GPISD Board President Named In Federal Wrongful Termination Lawsuit

Burke Hall, Grand Prairie School Board President

Grand Prairie ISD Board President Named In Federal Wrongful Termination Lawsuit

In the pending case of Hawkland vs. GPISD, Robert Hawkland claims that Grand Prairie Independent School District wrongfully terminated him. The defendants named individually and in their professional capacities, including Burke Hall, School Board President; Vicki Bridges, Assistant Superintendent; and Phil Jimerson, Interim Assistant Superintendent of Operations.

The only GPISD school board member named in the federal lawsuit was Burke Hall.

Case Background

For 20 years, Hawkland was an employee of GPISD. His employment was terminated on June 30, 2019, without cause. The decision-makers behind this termination included the now deceased Superintendent of Schools, Susan Simpson Hull and the defendants listed in the case. Hawkland alleges that Hull, Vicki Bridges, and Phil Jimerson engineered, individually and in their capacities on the board, Hawkland’s termination. The plaintiff was called in and requested to suddenly resign. When the plaintiff refused to leave his position, his employment was suddenly terminated.

There was no criticism regarding his behavior or professional conduct. Performance reviews have shown to be excellent throughout Hawkland’s career. As the manager of the district’s HVAC systems, he had received merit raises for his performance over the past five years. There is no counseling on his record over his 20-year employment.

It is alleged that Hawkland’s termination is the result of him exercising his freedom of speech in connection with a management practice investigation involving accounting practices due to the splitting of invoices that the defendants wanted to conceal.

Throughout 2017, Hull was facing criticism from citizens in the school district concerning her use of a residence that was purchased with $700,000 in school district funds. There were improvements made to this residence that totaled more than $100,000. One of those improvements was a ten-foot-tall privacy fence. This action triggered an investigation into the accounting and management practices being carried out by administrators.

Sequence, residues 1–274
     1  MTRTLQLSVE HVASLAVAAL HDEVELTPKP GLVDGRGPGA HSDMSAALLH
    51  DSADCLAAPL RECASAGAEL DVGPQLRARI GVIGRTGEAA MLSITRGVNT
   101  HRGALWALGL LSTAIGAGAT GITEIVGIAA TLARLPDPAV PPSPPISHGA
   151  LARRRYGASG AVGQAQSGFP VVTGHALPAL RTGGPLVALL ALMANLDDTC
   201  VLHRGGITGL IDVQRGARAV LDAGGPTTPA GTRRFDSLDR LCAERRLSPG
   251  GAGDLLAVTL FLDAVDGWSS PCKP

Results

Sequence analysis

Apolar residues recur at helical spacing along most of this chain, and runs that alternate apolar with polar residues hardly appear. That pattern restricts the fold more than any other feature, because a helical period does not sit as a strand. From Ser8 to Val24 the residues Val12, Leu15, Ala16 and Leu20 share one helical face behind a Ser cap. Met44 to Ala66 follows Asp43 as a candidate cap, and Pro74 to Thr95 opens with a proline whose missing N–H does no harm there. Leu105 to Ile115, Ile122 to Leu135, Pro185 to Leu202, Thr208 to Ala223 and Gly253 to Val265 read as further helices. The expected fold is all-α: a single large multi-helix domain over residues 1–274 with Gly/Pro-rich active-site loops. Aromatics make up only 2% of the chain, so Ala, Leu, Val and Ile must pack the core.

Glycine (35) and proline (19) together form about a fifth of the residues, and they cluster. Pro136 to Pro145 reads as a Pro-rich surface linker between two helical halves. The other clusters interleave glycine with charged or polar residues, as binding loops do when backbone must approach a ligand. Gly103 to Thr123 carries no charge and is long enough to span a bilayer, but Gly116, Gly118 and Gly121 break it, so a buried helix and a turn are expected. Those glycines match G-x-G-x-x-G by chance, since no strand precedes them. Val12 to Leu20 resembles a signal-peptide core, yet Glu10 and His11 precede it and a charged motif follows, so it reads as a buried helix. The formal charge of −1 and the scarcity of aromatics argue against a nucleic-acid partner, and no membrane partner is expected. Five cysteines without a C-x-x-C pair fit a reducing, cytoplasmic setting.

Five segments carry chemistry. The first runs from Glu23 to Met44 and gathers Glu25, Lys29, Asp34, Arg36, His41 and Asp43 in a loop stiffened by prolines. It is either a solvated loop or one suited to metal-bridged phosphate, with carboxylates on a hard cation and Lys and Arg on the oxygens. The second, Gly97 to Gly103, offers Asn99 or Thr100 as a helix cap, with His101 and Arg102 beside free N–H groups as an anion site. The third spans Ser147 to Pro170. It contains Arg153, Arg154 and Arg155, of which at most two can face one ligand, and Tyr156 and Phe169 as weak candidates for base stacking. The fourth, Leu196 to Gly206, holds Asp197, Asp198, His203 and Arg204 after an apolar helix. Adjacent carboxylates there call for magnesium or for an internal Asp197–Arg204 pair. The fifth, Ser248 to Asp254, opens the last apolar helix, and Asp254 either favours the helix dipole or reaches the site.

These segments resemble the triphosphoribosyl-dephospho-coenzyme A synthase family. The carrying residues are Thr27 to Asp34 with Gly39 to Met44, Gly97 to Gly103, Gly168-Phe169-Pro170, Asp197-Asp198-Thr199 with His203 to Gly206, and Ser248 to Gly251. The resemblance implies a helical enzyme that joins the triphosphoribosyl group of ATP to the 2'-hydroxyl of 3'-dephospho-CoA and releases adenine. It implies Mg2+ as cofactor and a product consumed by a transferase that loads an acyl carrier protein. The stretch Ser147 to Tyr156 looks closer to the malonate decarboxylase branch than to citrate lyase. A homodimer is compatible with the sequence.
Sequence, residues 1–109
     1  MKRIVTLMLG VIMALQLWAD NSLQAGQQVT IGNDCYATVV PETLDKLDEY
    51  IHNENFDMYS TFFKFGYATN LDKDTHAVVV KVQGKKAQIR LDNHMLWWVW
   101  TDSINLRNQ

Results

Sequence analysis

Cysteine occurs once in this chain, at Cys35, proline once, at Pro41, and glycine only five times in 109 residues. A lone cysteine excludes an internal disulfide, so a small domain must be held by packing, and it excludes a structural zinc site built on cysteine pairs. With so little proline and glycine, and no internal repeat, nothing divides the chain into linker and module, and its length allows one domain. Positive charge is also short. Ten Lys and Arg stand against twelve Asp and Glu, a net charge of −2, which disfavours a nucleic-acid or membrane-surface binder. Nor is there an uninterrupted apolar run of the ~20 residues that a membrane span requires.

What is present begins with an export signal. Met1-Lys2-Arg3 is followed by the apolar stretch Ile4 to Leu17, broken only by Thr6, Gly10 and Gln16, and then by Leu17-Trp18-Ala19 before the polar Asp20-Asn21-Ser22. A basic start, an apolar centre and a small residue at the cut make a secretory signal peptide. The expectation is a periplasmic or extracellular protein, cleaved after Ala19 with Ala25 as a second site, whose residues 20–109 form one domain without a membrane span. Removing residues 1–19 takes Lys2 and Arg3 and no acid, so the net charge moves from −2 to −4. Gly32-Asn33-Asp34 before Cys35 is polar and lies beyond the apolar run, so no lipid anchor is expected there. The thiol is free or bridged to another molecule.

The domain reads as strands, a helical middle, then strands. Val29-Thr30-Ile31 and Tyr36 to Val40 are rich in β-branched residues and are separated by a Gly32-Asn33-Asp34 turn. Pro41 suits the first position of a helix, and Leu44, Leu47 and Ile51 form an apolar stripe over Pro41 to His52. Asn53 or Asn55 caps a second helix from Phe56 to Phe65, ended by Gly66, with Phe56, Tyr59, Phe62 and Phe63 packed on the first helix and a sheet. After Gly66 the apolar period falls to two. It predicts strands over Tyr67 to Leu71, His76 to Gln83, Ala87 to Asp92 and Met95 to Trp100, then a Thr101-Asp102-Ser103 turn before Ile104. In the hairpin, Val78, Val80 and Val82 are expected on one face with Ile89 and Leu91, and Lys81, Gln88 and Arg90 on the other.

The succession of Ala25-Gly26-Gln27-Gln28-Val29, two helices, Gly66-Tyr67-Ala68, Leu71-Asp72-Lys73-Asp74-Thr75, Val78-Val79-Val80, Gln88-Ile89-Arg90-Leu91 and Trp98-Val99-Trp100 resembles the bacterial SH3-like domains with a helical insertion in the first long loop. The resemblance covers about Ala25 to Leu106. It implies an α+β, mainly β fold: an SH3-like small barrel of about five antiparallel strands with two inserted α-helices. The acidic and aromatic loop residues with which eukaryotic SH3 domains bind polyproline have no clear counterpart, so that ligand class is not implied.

The defendants in Hawkland vs. GPISD implemented an informal policy that blocked disclosures and public discussions about the residential improvements and the funds used to complete them. In the process, employees that were believed to be a threat to the non-disclosure of the investigation were either discredited or terminated.

Pursuant to the informal policy that the defendants activated, the defendants and Hull gave inconsistent explanations regarding the use of school bond funds on the improvements done to the superintendent’s residence. Only a portion of the investigative report was released showing items the public already knew about through the news media. The board refused to release the rest of the report.

When one member on the Board of Trustees was in favor of releasing the entire report, Hull labeled this person as “disruptive.” No action was taken against Hull and the other defendants when the “disruptive” board member was forced to give up any notes and was shut out of meetings.